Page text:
What is Design for Social Impact?

Published on the SVA Products of Design blog in July 2017, this is my attempt to define my approach toward teaching design for social impact.

"Design for social impact is the practice of interrogating systems—institutional, economic, social, political, interpersonal—in order to define opportunities for change that give voice to those who has been disenfranchised or marginalized by design. In essence, this field of study provides a methodology for examining domains of power through Socratic inquiry, structural and systems-based design thinking, and solutions-based design making." Read more. . .

Teaching Diversity in Design

Published in the Design Management Institute's Journal in June 2017, I wrote this article to offer my perspective on how the design community can actively work toward greater parity in hiring and promoting people who are largely under-represented in the field.

"For diversity and inclusion to take hold, it must be conscious, purposeful, and reflective" . . . Read more (note: this article is behind a paywall per the publisher. If you would like a copy of the PDF, please email me directly).

Featured: Allan Espiritu of GDLOFT profiled in GDUSA

Graphic Design USA informs the design audience of Allan Espiritu's inclusion in an exhibition at the Barnes Foundation in Philadelphia.

The Barnes Foundation is presenting Person of the Crowd: The Contemporary Art of Flânerie, an exhibition featuring the work of more than 50 U.S. and international artists who have taken to the street throughout the post-war period to speak to issues as diverse as gentrification, gender politics, globalization, racism, and homelessness. Person of the Crowd, on view February 25 through May 22, features works, new performances, and historical pieces by Marina Abramović, Vito Acconci, Eleanor Antin, Constant, David Hammons, and Zhang Huan, among many others.

Read more . . .

Featured: All Good Things in Modulation in Against the Grain

Writer and editor Matthew Porter wrote a vivid profile of my clients Adam Brodsley and Eric Heiman, the SF-based design firm.

"'Volume' means tonal range. Volume, Inc, of San Francisco means tonal modulation. Eric Heiman, 110dB, likes it loud. Adam Brodsley, 55dB, prefers it quiet. Their contrasting tastes power balanced, evocative design. They began their partnership in 2002 and, ever since, continue to explore the narrative qualities of visual and written tonal range seeking to evoke and provoke new meaning and thought. Read more . . .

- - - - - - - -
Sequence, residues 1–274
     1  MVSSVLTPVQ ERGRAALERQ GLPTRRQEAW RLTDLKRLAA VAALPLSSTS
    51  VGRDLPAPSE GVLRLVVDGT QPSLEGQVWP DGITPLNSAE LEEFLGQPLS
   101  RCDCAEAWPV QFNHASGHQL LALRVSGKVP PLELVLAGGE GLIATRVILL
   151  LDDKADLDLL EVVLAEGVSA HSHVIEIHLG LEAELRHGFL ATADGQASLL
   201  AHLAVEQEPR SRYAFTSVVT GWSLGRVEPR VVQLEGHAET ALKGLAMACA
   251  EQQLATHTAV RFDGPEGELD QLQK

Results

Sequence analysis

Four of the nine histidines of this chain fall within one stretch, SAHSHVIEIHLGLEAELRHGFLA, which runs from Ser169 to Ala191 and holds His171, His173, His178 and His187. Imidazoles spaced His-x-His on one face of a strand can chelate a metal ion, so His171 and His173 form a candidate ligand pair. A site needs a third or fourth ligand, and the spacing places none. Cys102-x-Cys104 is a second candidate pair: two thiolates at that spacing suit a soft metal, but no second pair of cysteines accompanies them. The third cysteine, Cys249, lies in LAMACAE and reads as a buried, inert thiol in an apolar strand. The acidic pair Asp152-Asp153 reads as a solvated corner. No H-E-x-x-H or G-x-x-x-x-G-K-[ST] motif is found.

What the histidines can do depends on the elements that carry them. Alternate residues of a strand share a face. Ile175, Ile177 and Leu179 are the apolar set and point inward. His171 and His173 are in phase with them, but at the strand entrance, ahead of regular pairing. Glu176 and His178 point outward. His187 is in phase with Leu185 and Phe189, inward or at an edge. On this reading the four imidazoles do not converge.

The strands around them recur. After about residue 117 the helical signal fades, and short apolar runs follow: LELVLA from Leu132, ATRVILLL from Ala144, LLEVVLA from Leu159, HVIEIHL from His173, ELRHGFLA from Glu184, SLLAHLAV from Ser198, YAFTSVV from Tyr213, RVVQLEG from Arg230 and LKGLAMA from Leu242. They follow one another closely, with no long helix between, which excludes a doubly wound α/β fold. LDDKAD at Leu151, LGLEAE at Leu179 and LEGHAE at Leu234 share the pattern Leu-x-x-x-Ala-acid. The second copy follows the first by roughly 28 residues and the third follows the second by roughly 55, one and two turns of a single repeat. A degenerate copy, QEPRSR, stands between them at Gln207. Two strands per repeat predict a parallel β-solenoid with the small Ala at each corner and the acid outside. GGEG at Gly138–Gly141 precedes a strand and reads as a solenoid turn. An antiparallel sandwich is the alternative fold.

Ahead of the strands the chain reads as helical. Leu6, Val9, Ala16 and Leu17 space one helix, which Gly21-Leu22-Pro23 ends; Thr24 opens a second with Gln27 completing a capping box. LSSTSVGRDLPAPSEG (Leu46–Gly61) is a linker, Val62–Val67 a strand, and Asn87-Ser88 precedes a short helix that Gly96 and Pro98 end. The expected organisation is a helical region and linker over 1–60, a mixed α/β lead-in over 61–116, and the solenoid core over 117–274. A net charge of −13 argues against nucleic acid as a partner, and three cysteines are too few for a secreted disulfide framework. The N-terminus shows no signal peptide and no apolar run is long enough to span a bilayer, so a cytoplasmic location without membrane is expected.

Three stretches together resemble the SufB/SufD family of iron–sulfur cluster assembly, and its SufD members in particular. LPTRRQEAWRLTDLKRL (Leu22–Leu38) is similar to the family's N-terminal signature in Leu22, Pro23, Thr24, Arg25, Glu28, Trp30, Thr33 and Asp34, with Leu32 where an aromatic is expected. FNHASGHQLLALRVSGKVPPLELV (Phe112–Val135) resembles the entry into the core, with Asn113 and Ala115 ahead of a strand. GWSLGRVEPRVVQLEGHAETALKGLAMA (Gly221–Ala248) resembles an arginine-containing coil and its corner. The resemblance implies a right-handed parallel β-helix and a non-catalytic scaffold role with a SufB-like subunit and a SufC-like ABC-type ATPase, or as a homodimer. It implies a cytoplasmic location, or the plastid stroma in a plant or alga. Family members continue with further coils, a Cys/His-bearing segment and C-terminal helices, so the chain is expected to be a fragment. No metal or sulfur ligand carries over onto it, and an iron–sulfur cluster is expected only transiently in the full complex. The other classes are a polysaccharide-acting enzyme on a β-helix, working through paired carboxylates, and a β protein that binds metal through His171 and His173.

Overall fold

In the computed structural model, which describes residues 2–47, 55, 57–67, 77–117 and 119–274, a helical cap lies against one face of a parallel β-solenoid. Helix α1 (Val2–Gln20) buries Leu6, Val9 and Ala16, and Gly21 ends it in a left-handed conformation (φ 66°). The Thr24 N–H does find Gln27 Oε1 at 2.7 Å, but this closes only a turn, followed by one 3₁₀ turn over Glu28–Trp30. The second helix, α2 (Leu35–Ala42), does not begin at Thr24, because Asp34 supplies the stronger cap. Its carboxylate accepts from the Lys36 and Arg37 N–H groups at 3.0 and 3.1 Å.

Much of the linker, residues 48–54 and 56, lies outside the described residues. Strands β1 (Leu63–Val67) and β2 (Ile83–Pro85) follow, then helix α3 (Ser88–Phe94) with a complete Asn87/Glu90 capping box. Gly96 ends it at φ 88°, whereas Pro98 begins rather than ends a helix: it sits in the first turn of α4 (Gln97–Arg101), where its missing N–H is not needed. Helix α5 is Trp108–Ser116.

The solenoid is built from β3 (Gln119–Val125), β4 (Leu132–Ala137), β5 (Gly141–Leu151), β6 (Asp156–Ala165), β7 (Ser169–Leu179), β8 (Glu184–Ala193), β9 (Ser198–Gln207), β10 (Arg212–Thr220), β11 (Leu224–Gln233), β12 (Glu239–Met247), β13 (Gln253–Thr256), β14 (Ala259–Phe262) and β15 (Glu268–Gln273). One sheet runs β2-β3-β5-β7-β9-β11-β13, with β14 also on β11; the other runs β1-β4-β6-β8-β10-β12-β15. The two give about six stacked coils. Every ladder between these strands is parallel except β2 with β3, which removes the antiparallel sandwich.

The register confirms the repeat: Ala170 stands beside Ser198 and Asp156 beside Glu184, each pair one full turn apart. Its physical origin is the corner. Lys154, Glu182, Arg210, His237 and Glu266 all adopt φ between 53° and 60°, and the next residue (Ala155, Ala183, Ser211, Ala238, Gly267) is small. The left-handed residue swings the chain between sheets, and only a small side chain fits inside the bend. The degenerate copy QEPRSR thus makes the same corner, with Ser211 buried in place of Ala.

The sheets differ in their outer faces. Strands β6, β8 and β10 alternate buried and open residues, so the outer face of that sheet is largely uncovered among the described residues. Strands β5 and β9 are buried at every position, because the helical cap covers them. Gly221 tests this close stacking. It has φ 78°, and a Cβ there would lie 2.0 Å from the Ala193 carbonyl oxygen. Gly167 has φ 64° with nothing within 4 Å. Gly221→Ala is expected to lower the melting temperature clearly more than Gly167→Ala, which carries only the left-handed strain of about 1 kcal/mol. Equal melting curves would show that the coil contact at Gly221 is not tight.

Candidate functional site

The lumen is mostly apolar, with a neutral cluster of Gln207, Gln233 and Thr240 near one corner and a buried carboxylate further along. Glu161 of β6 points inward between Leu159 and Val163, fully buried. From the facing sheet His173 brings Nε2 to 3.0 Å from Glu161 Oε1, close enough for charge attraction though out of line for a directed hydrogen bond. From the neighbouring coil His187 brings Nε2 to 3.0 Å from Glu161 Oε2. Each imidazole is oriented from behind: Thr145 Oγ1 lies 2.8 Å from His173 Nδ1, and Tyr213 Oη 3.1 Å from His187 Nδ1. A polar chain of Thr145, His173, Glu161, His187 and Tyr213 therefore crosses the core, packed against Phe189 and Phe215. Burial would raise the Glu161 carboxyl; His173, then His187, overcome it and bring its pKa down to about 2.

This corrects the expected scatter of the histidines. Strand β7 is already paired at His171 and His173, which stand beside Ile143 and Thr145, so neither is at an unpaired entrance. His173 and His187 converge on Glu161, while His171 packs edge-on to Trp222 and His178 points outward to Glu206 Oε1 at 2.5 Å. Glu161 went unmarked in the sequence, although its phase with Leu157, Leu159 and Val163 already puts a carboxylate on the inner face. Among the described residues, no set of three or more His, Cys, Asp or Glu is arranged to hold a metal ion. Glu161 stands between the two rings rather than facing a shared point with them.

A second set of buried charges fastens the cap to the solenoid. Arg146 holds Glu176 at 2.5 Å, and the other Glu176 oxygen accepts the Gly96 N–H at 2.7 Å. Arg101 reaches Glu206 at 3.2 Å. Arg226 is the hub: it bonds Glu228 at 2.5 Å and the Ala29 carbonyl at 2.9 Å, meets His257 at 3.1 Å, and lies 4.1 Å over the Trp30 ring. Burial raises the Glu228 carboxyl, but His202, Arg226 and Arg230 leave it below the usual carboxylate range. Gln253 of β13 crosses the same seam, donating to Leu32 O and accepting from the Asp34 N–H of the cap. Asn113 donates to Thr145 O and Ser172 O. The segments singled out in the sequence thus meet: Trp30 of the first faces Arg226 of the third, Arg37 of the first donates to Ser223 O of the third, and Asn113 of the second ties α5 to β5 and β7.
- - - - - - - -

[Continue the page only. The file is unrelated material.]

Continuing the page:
RoboCycling: Bringing the Power of Automation to Recycling

Profile of Matanya Horowitz and his company AMP Robotics.

Do you track your trash? How carefully do you sort your garbage—organic waste in a composter, recyclables separated into the right bins, non-recyclable waste isolated into its own receptacle? How cautiously do you ensure that hazardous materials are excluded from the recycling bin or that your bottles and cans are clean?

Read more . . .

Share the Road

Interview with Oliver Risse of Floatility for Core77.

How do you get to work each morning? According to the United Nations and World Bank, there's a 54% chance that you live in or near an urban center—and it follows that you likely work in that city as well. It's possible that your home is within walking distance of your workplace, but there's a better chance that you commute either by mass transit or in your own personal transportation device.

Read more . . .

The Election is Rigged: Thoughts on Systems and Social Justice

Throughout this campaign, the Republican candidate for our country’s highest office warned that the election was rigged.  Perhaps we should have taken the accusation more seriously.

The election is rigged. The system is rigged. What do we mean when we say those things? At their core, these statements point to a belief – let’s even call it an acknowledgement – that there are inherent injustices built into the election system; and that these serve to empower some people and marginalize others.  Those inherent injustices either exist by default or by design.

To say that the system is unjust by default is to acknowledge that all systems have flaws; and that all systems are living organisms that evolve or need to evolve in order to accommodate new ideas and realities about social equity. We can then acknowledge that systemic flaws can be interrogated without assigning blame to any bad actors. Flaws in the system are not created out of malice.

The alternative is to say that the system is rigged by design. We are then asserting something sinister about power-holders in the system. We are saying that our election system has been designed to purposefully disenfranchise certain communities from participating fully in the system, from holding equal value in the system and from benefitting equally from the system. Is the system rigged?

Let’s face this uncomfortable fact. We are all inclined to believe that injustice is at play when we do not benefit from a system we feel invested in. When our candidate loses, our ballot measure is defeated, we lose out on a job to a colleague, another student earns an award, or another agency wins a major contract we were being considered for, we instinctively wonder if some surreptitious action was at play. We can all too easily fall into blame and suspicion about the “other” side.